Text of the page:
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Posts by dsperber

If you had a 16-channel PRIR, measured in some room that had 16 real speakers, then the Realiser will reproduce the sound through 2-channel stereo headphones of that 16-speaker room when any multi-channel source audio program is fed to it, exactly as that same multi-channel source audio program would have sounded if played in the original room. If you play the 2.0 stereo mix in that 16-speaker room which you created the 16-channel PRIR for, the 2.0 source program would...
 The .1 (subwoofer) part of audio system output is due to the crossover in the amp/output stage, not because it is coming from the actual 2.0 stereo audio program.  Generally the subwoofer produces "better sounding low frequency bass" than do "full-range speakers" for the same frequency, hence the typical addition of a .1 subwoofer even in 2.1 computer speaker setups.  That's why sub-woofers exist. The Realiser has a similar built-in 80hz crossover by default, so that if...
Well, to be fair, my long anticipated purchase of #0001 A8 in April 2009 (I first learned of Smyth and SVS and the Realiser technology in a Widescreen Review article I saw back in 2004) because I do not have my own home theater room/system, i.e. no loudspeakers through which I listen to BluRay movies, HDTV, etc.  I arranged for a PRIR measurement in the AIX mixing room in LA in June 2009, and I have been listening to everything through that one PRIR ever since. Originally,...
Only the two "active" L/R speakers (out of the 5.1 setup) normally utilized for 2.0 content are simulated through the headphones, even if you are using a 5.1 PRIR (which measured a 5.1 loudspeaker listening environment). . It's exactly as if you played back 2.0 stereo audio through your 5.1 home theater room, with only the two front L/R speakers actually producing sound and the others silent because nothing's fed to them. Again, whatever you would have experienced if you...
You have to understand the purpose of the Realiser: (a) It is NOT intended or designed to "improve" sound.  It is not trying to "optimize" anything. (b) It is built to DUPLICATE THE SOUND (as your own brain and ears hear sound) OF ANY GIVEN REAL MULTIPLE LOUDSPEAKER LISTENING ENVIRONMENT, WHEN PLAYED THROUGH STEREO HEADPHONES.  You won't realize you're listening to any source program (2-channel stereo or multi-channel) through headphones, but instead you will think all of...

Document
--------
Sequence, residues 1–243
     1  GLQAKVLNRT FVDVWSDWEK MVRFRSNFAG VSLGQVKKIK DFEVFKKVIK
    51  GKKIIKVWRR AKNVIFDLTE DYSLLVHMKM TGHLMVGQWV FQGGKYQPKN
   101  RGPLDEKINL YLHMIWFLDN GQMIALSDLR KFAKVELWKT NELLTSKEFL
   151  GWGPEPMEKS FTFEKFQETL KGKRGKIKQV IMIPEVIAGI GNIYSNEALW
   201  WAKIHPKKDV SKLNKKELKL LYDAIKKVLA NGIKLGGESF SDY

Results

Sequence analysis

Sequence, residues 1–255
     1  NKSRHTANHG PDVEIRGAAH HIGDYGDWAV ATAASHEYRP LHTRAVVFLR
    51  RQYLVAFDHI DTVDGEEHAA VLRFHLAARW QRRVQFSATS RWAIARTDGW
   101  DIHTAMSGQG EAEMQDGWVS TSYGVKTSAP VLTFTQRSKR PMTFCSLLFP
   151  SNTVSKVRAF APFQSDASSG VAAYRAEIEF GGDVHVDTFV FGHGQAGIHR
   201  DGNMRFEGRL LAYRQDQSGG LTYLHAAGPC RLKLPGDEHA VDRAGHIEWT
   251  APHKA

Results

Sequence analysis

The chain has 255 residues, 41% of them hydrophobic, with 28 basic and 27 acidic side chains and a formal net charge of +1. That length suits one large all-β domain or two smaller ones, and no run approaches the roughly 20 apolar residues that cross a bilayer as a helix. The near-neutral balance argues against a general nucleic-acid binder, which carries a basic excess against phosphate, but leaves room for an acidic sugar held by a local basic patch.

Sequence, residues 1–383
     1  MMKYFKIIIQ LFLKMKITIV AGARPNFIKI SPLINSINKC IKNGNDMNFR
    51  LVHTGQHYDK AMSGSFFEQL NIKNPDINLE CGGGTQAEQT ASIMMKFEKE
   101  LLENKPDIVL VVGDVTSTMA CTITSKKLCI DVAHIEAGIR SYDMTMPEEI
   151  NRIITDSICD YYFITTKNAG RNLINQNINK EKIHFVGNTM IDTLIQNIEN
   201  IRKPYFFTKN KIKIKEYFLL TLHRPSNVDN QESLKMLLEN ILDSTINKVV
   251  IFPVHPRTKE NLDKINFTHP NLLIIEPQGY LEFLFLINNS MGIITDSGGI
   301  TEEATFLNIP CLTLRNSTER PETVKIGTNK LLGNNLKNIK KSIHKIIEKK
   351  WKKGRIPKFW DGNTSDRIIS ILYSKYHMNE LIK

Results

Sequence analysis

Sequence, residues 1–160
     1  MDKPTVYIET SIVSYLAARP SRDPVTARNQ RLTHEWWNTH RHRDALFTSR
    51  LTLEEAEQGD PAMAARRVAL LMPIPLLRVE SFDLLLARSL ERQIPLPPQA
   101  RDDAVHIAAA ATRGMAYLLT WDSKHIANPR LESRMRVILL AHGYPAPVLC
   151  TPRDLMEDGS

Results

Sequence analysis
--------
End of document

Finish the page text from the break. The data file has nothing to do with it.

The A16 has TWO head-trackers (i.e. two of the device that attached on top of your headphones sitting on your head, as well as two of the receivers that sit on top of the display screen), designed to support two independent and simultaneous users. You will thus both have your own individual optimal experience, as if you each were right back in the same prime optimal single seat in the measured listening environment when each of you had your "ears calibrated" individually,...
Correct. The original A8 first released in 2009 (like my #0001 A8) had only 8-channel analog RCA inputs and didn't contain imbedded codecs.  So you had to do your own upstream decoding in your AVR which hopefully had 7.1 multi-channel pre-amp output which you then fed to the 7.1 analog inputs of the original A8. There is also a corresponding set of 8-channel analog outputs supporting "straight-through analog bypass mode" when the Realiser is powered off.  My original...
Listening to 2-channel music audio through the Realiser (i.e. through a PRIR created in a specific listening environment) is distinctly different from listening to the same audio through headphones in a normal standard way.  With normal headphones the sound is typically inside your head, or at least adjacent to your two ears.  With the Realiser the sound appears "in front of you", same as it would be if you had been listening to this music audio in the original listening...
Capturing a room (i.e. producing a PRIR for that listening environment for your specific ears) is indeed straightforward, although it's usually done by someone else controlling the Realiser while you sit perfectly still, then "turn left", "turn right", etc.  The most important and critical piece is that you want to be sure you have the microphones inserted properly in your ears, and that for purposes of PRIR measuring that the head-tracker is operational. Following this...
If you don't use the head-tracker, it will always seem that sound is coming from the speakers exactly as they were when you made your PRIR calibration, which presumably was right in the sweet spot of the listening environment.  No matter where you really are now in your home theater, the speakers will always "seemingly be" directly in front of you and arrayed around you, completely unchanging no matter what your actual head angle or seating position is.  There is no...
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